“Unlike Blue Cross, the UPMC [Health Plan] is more than an insurer,” the ARB stated, noting that the UPMC Health Plan is an HMO that contracts with individual physicians, medical groups, and hospitals to provide benefits including medical services and supplies and surgical and anesthesia services, emergency services, mental health and substance abuse services, prescription drug benefits, and dental benefits. “Unlike Bridgeport Hospital, [the hospitals in the present case] contracted to provide ‘a portion of the [the UPMC Health Plan's] obligation’ to provide medical services and supplies under its contract with OPM,” the ARB wrote. 


Another Circuit Court rules on validity of two-member NLRB decisions

June 19th, 2009  |  David Stephanides

>This week, the Second Circuit ruled in support of well over 100 two-member NLRB decisions. The tally now stands at 3-1. The issue: whether a quorum of the Board can be constituted with just two of five members under Section 3(b) of the NLRA.

Joining the First and Seventh Circuits, the court, in Snell Island SNF v NLRB, believed the Board’s view “is a reasonable interpretation of the statute. Indeed, we commend the NLRB for its conscientious efforts to stay ‘open for business’ in the face of vacancies that it did not create and for which it lacked the authority to fill.”

As noted in Workplace Prof Blog, a decision from the Eighth Circuit will be forthcoming, making the issue even more destined for the Supreme Court. A Petition of Certiorari has already been filed in New Process Steel by the law firm Greenberg Traurig, P.A. “The D.C. Circuit [in Laurel Baye Healthcare v NLRB] correctly held that the NLRA does not permit the board to function with only two members. We believe that the Seventh Circuit’s decision is an incorrect interpretation of the act,” said Joseph W. Ambash, one of the attorneys representing New Process.

Here is a rundown of the cases on the matter to date.

For the Board:

And against:


Is federal anti-discrimination protection for breastfeeding women in workplace on the horizon?

June 17th, 2009  |  Deborah Hammonds

>Numerous states have provided women who breastfeed in the workplace with protection from discrimination while federal anti-discrimination protections have been absent. That may change, thanks to legislation recently introduced by New York Representative Carolyn Maloney (D). The Breastfeeding Promotion Act of 2009 (H.R. 2819) would amend the 1964 Civil Rights Act to provide anti-discrimination protections for women who breastfeed in the workplace. The Act would also require employers to provide a private space, other than a bathroom, where a woman can express breast milk and amends the Internal Revenue Code to provide employers up to $10,000 credit for expenses incurred.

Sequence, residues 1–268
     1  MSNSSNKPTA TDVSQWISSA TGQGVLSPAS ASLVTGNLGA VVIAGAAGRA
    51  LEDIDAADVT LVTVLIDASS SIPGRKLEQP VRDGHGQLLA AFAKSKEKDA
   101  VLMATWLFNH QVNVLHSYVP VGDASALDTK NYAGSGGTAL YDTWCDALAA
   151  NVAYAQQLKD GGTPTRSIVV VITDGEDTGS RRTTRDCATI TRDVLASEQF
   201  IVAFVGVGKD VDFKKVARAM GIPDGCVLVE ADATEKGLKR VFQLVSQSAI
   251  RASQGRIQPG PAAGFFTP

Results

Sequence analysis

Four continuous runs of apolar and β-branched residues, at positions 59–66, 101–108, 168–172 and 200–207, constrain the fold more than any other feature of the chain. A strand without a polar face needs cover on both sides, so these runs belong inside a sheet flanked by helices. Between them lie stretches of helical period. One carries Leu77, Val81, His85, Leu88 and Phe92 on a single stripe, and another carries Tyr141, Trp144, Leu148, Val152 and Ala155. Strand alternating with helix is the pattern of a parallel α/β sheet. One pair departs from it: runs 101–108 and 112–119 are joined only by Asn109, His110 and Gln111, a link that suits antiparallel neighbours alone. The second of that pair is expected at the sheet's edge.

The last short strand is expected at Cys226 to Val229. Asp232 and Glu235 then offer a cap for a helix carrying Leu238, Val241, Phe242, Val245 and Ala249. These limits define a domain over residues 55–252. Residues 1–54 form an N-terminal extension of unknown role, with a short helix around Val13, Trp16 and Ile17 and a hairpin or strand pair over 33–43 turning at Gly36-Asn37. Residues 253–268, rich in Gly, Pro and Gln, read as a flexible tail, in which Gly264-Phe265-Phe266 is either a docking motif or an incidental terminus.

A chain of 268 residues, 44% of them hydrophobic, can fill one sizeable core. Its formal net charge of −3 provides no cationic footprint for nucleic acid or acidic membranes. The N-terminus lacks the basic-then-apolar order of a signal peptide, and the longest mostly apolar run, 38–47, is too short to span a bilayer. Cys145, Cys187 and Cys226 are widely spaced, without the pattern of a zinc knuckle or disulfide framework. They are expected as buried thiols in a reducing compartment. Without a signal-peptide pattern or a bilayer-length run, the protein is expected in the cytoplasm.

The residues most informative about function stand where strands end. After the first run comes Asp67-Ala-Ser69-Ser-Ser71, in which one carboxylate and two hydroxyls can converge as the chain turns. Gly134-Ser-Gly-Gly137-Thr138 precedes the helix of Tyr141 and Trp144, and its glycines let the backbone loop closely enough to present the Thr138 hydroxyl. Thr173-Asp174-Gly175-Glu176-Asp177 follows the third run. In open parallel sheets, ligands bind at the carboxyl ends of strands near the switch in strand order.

“‘The Breastfeeding Promotion Act’ recognizes both scientific fact and the way Americans live now; human milk is the best nutrient for new babies—and most mothers have to go back to work during a child’s first year, when breastfeeding is most important,” Rep. Maloney said on June 11th during the announcement of the bill’s introduction.

“This bill will bring breastfeeding mothers under the protection of the 1964 Civil Rights Act, require employers with over 50 employees to provide a private space and unpaid time off during the workday for mothers to express milk, and sets standards for breast pump manufacture. It also provides for tax incentives for employers that establish private lactation areas in the workplace and tax credits for nursing mothers,” she said.

A similar bill (S. 1244) was introduced in the Senate by Oregon Senator Jeff Merkley (D).

“It’s not every day we have the opportunity to enact legislation that is so clearly a win-win for families and our nation. Making it easier for moms to breastfeed means we have healthier babies, stronger families and happier workers,” Sen. Merkley said. “I championed Oregon’s breastfeeding bill two years ago. I’m excited to see Oregon’s contribution to a nationwide movement embraced by Representative Maloney and all those who have long advocated the purely common sense notion that breast milk is best.”


$86 million judgment reversed in Starbucks’ tip-pooling suit

June 15th, 2009  |  Connie Eyer

>Is a Starbucks shift supervisor who works alongside baristas considered as just part of a customer service team when it comes to taking a cut of the pooled tips? Apparently so, a California appeals court ruled (Chau v Starbucks Corp, CalCtApp, June 2, 2009) when it recently reversed an $86 million judgment against Starbucks in a class action suit in which the trial court found the coffee chain violated state law by including the supervisors in tip pools.

The lower court’s ruling, the appellate court reasoned, was improperly based on a line of decisions addressing an employer’s authority to mandate that a tip given to an individual service employee must be shared with other employees. It noted that Starbucks’ shift supervisors are part-time employees who perform all the duties of a barista, along with having responsibility for additional tasks, including supervising and coordinating employees within the store. There is no decisional or statutory authority prohibiting an employer from allowing a service employee to keep a portion of the collective tip, the court said, in proportion to the amount of hours worked, just because the employee also has supervisory duties.

While acknowledging that sec. 351 of the Labor Code, which Starbucks was found to have violated, was enacted to prevent employees from having to give up their earned gratuities as a condition of employment, the court concluded that it was undisputed in this case that the tipping public intended to collectively tip both the baristas and the shift supervisors for their work as a “team.”